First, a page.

Digital Music Sales Grow Worldwide, but Big Music Still Frets About Pirates
Also, it helps if they can’t steal it.
That’s the takeaway from a new survey from the IFPI, the music industry’s global trade group. It says global digital music sales grew 8 percent last year; that’s the first time that growth rate has increased since 2004, when the IFPI started tracking the statistic.
A good chunk of that increase may have come from subscription music services like Spotify and Deezer. The IFPI says subscription services have 13 million paying users, up from eight million last year.* There are also smaller increases in sales at more conventional outlets like Apple and Amazon, which generate much more revenue for the industry overall.
And while digital music sales still make up a minority of the music industry’s revenue worldwide, they are increasingly important: They now account for 32 percent of sales, up from 29 percent last year. (In the U.S., digital just edged physical last year, for the first time.)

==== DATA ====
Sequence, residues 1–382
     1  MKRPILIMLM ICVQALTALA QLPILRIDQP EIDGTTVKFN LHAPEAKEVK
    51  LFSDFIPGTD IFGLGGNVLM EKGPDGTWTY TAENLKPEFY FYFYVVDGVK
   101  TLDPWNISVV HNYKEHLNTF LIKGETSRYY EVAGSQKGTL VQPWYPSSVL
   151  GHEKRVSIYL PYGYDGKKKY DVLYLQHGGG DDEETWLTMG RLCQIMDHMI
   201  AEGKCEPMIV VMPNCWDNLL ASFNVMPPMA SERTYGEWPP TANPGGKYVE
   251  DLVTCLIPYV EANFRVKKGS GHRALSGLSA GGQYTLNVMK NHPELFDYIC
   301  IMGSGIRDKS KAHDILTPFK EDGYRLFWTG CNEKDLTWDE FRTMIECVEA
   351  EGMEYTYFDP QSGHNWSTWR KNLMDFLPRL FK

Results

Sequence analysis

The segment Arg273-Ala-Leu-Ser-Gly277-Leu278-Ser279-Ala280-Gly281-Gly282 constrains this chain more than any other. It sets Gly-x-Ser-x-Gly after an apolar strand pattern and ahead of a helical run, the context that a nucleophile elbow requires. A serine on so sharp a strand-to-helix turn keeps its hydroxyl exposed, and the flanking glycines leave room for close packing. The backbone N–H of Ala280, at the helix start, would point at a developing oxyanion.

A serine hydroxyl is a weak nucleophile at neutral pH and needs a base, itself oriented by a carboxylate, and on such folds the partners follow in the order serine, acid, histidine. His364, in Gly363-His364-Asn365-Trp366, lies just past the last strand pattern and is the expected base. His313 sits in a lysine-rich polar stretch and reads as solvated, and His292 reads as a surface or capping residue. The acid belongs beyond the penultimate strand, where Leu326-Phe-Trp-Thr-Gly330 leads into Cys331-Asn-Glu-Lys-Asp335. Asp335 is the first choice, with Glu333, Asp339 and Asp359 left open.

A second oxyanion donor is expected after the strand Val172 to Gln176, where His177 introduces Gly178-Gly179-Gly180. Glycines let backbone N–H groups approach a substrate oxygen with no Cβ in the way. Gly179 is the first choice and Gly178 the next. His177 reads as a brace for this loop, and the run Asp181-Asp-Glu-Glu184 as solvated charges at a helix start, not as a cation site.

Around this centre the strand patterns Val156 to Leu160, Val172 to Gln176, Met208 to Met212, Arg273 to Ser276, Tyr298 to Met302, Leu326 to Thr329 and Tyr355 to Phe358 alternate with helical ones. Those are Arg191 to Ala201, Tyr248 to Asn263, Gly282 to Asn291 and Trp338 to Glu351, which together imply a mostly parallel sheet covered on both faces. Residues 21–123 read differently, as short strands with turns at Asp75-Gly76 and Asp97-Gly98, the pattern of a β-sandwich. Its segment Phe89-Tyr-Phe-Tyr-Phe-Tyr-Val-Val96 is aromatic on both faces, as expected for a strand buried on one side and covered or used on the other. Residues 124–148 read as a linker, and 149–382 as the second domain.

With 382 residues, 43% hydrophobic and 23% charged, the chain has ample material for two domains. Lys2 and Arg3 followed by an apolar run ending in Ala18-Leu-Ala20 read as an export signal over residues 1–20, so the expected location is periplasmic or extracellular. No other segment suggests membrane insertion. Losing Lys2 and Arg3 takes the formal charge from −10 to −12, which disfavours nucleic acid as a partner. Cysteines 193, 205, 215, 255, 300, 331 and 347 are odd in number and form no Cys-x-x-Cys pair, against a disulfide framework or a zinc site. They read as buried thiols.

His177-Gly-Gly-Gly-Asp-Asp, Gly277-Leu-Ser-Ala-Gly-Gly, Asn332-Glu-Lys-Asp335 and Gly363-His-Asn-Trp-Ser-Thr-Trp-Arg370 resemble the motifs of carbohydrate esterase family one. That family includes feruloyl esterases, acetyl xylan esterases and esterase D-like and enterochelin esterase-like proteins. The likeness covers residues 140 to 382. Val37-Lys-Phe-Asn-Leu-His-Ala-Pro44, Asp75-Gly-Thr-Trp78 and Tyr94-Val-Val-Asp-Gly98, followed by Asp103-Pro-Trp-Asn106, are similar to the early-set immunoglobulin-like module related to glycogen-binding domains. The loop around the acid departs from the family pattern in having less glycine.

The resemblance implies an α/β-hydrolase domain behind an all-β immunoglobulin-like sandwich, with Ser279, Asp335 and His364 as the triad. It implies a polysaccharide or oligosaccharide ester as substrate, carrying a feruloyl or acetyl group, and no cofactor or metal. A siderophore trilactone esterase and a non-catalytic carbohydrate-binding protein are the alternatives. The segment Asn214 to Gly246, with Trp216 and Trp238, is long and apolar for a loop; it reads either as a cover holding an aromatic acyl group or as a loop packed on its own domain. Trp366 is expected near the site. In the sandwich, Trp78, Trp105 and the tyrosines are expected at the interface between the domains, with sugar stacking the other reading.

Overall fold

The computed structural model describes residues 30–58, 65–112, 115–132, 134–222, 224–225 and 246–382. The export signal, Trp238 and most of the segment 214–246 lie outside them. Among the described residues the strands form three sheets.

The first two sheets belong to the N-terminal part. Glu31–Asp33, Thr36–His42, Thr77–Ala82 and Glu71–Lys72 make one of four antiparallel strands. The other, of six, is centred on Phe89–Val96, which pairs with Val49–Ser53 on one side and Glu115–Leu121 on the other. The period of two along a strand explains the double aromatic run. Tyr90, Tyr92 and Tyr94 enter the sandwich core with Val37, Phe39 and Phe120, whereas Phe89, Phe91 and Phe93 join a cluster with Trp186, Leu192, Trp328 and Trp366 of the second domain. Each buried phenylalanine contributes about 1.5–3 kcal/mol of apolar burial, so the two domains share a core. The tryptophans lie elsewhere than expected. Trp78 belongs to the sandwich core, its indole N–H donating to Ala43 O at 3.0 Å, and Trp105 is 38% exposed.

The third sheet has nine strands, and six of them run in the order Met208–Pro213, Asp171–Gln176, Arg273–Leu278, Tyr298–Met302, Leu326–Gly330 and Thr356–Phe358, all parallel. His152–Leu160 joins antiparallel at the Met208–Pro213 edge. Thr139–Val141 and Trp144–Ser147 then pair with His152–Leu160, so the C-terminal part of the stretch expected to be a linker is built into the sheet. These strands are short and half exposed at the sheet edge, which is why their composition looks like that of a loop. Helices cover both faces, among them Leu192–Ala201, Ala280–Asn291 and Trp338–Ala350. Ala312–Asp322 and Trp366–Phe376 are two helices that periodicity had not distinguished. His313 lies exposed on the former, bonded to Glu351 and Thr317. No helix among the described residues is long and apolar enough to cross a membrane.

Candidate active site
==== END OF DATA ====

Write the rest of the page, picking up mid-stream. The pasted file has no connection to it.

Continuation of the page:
All of which sounds fairly straightforward. But the IFPI is a trade group; it wants to hammer at one of its key points, which is that piracy is a big problem for the industry, which has seen sales cut in half since the Napster era. It figures more than a quarter of all Web users “access unauthorized services on a monthly basis.”
So, if piracy is a problem, why are sales increasing? In part, the trade group argues, because of anti-piracy legislation and industry moves.
The report highlights France’s “three strikes” rule, which allows the government to fine pirates and take away their Internet access. It cites a study arguing that French iTunes sales have increased more than 20 percent because of the policy, and the suggestion is clear: This would be a good idea worldwide.
The IFPI, which has singled out Google for criticism in the past, once again complains that the search engine makes it too easy to find illegal stuff. It also clearly went to the printer before the weekend, because its report refers to SOPA/PIPA as works in progress that are “set to be debated further in early 2012.”
*That number sounds several million high to me, but perhaps my rough estimate is missing a couple of big players.